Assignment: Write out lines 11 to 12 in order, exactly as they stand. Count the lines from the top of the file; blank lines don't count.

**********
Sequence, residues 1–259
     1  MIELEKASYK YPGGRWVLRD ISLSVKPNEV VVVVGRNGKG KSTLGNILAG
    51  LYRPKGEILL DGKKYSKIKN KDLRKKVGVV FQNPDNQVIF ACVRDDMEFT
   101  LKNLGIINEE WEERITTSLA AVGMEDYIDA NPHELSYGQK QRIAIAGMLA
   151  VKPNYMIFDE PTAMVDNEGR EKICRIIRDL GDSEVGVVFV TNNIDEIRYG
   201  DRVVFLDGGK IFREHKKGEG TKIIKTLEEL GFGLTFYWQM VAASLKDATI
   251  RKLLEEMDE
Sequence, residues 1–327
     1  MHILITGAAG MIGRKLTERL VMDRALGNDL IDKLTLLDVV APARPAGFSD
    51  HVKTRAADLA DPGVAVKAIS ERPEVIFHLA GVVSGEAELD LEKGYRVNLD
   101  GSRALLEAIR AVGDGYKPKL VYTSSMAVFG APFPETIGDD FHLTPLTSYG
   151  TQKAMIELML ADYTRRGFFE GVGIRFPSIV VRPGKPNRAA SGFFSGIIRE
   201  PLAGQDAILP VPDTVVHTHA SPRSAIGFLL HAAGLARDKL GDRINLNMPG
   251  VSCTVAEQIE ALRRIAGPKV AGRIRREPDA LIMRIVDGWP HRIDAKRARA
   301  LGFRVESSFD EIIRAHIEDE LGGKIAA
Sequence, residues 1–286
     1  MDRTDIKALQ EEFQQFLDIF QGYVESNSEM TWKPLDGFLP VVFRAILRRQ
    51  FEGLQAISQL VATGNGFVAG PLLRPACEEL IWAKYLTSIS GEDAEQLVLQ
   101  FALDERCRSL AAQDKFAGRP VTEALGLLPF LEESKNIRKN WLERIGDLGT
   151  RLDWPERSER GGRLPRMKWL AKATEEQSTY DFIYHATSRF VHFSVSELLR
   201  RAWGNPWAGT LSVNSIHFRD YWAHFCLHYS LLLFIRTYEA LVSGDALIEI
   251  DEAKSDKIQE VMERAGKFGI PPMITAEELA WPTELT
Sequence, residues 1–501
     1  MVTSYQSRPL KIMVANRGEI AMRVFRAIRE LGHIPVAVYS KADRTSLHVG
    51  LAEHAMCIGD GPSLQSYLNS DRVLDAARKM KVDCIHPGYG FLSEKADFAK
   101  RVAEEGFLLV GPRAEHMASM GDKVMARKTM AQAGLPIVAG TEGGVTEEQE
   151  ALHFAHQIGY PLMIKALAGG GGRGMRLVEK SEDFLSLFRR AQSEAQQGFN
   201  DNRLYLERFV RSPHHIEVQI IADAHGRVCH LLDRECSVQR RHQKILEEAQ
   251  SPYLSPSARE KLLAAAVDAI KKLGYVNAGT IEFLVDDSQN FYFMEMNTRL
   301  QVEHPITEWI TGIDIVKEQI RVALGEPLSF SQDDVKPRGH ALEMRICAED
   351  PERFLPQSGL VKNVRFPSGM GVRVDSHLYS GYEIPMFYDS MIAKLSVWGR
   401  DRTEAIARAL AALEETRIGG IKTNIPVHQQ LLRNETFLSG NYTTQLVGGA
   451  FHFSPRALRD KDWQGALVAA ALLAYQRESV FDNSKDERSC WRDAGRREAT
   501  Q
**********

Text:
   101  GSRALLEAIR AVGDGYKPKL VYTSSMAVFG APFPETIGDD FHLTPLTSYG
   151  TQKAMIELML ADYTRRGFFE GVGIRFPSIV VRPGKPNRAA SGFFSGIIRE